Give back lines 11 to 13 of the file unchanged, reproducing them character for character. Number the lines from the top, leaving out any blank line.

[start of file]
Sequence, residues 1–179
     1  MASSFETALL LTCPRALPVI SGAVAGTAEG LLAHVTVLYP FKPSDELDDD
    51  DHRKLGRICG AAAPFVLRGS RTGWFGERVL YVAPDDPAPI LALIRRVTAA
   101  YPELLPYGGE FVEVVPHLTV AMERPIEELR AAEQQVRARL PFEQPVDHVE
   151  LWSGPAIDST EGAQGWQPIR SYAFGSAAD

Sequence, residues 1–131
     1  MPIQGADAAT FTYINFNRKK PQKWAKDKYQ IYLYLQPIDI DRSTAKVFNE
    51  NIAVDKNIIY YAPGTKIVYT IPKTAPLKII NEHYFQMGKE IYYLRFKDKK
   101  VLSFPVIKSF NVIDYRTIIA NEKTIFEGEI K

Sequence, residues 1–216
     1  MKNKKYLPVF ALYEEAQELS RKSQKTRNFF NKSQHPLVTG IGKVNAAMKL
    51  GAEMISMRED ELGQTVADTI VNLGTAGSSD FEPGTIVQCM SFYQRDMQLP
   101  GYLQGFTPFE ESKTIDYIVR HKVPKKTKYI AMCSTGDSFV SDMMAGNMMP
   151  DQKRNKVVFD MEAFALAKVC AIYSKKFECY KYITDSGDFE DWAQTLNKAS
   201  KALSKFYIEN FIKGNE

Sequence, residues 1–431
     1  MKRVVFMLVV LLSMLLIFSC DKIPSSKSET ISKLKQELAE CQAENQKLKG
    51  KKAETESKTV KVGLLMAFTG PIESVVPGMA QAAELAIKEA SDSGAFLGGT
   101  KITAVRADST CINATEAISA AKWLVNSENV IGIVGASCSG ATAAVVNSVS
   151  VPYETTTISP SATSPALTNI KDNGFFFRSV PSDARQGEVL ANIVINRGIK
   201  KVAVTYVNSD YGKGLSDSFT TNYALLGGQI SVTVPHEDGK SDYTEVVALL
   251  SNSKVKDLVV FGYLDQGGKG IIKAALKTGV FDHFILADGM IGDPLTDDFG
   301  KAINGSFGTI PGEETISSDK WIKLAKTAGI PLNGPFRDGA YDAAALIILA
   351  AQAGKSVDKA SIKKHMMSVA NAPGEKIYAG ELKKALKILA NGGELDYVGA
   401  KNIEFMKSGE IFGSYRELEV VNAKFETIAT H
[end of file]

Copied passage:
     1  MKNKKYLPVF ALYEEAQELS RKSQKTRNFF NKSQHPLVTG IGKVNAAMKL
    51  GAEMISMRED ELGQTVADTI VNLGTAGSSD FEPGTIVQCM SFYQRDMQLP
   101  GYLQGFTPFE ESKTIDYIVR HKVPKKTKYI AMCSTGDSFV SDMMAGNMMP